The differences in disease potential between enterohemorhaggic and uropathogenic E. coli are reflected specifically in the absence of genes in CFT073 for type III secretion system and phage- and plasmid-encoded virulence genes common to E. coli O157:H7 isolates. In CFT073, the strain-specific regions contain genes that encode specific fimbrial adhesins, secreted autotransporters, and phase-switch recombinases. The chromosomal locations, gene order, and composition of the large pathogenicity islands encoding these potential virulence genes in CFT073 are different when compared with two other well-studied uropathogenic E. coli strains, 536 and J96 (11–13). We compared previously described CFT073 islands with those identified in this project. Based on the genome sequence, the two pap pilus operon-containing pathogenicity islands in CFT073 (14, 15) actually are located at pheV and pheU and their gene maps have been revised. Numerous insertion sequence elements including multiple copies of an IS629-like sequence probably contributed to errors in the original screening and ordering of genes from cosmid clones. Interestingly, pheV and pheU sites are identical to the insertion sites for the two large, pap-associated islands in J96 (13). In CFT073 and J96, the pap-associated islands at pheV also encode hemolysin, hlyCABD, but the order of the pap and hlyCABD genes relative to the K-12 backbone is different. Other known virulence genes located on the two islands are also different. The J96 pheV island contains hra (heat-resistant hemagglutinin) and cnf-1 (cytotoxic necrotizing factor), but not aerobactin biosynthesis genes, whereas the CFT073 pheV island has neither hra nor cnf-1 but does have the aerobactin genes (13). In strain 536, the third well-studied uropathogenic E. coli, the large pap- and hly-associated islands are located at selC and leuX sites. In addition, 536 possesses an S-type pilus operon on a 25-kb island associated with the thrW site (PAI III536) whereas the thrW site in CFT073 is intact, and a related S type, Foc pilus operon, is present on a 47-kb island close to serX. The remaining large 536 island described by Hacker's laboratory encodes part of the “high pathogenicity island” of Yersinia pestis and is located at asnT (11, 16). The yersinabactin genes are also found in CFT073 on a island in the asnT region. This finding suggests that the introduction of the high pathogenicity island may have been one of the earliest events in the evolution of extraintestinal E. coli.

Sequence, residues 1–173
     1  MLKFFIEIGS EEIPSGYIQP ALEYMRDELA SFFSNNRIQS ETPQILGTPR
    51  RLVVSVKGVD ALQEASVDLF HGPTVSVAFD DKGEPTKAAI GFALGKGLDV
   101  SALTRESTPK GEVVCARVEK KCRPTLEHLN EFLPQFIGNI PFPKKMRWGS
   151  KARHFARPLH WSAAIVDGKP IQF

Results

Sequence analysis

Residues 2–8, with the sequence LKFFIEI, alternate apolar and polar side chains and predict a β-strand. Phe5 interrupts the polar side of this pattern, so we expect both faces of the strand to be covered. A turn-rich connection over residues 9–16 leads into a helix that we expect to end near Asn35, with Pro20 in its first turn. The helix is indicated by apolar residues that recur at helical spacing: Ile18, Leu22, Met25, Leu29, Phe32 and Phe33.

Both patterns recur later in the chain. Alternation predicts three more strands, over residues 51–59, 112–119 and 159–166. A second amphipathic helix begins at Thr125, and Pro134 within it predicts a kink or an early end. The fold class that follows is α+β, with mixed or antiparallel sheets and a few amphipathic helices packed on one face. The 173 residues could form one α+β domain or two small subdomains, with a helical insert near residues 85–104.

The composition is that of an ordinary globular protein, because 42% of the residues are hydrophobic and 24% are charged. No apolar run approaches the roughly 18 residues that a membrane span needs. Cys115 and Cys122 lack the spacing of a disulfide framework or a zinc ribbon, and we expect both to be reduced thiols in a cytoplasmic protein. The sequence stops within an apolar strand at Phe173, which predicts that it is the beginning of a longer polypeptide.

Potential for New Niches and Different Pathogenic Mechanisms.

The ability to inhabit the different niches during an ascending urinary tract infection and cause particular pathologies at each site resides largely in the island genes specific to uropathogenic E. coli. The CFT073 genome sequence has revealed many possible factors that may contribute to colonization of the urinary tract tissues and the disease. The most important examples are mentioned here.

Surface structures known as fimbriae or pili mediate specificity for and attachment to host cells, an essential event for host colonization. We found genes encoding 12 distinct, putative fimbriae in the genome of CFT073, 10 fimbriae of the chaperone–usher family, and two type IV pili. Two pap operons (pylonephritis-associated pilus) encode P fimbriae with PapGII adhesins (17), located in islands at pheV and pheU. These are specific to uropathogens but are not the sole adhesins in CFT073 that are important for virulence. The foc operon encoding F1C fimbria and a chaperone–usher family operon with two chaperone genes both have been linked to urinary tract infections (18). Several of the chaperone–usher pilus operons are common to CFT073, EDL933, and MG1655, including the yad fimbriae (19) and the type I fimbrial operon, which plays an essential role in the pathogenesis of urinary tract infection (20). Type 1 fimbriae are ubiquitous, but they are not all identical. Also common to all three sequenced strains is a pilus similar to Stf of Salmonella enterica serotypes Typhimurium and Typhi and to the Mrp pilus of Proteus mirabilis, a confirmed urovirulence determinant (21). In CFT073, these proteins are highly divergent from those in MG1655 and EDL933, with amino acid sequence identities ranging from 53% to 81%, suggesting that the selective pressure on the expression of this pilus has varied among E. coli lineages. Four other fimbrial operons are shared by two of the three strains or by S. enterica. These have similarly variable amino acid sequence identity. Presumably, the variable sequences of the shared operons allows for the specificity of each adhesin to its individual target tissue.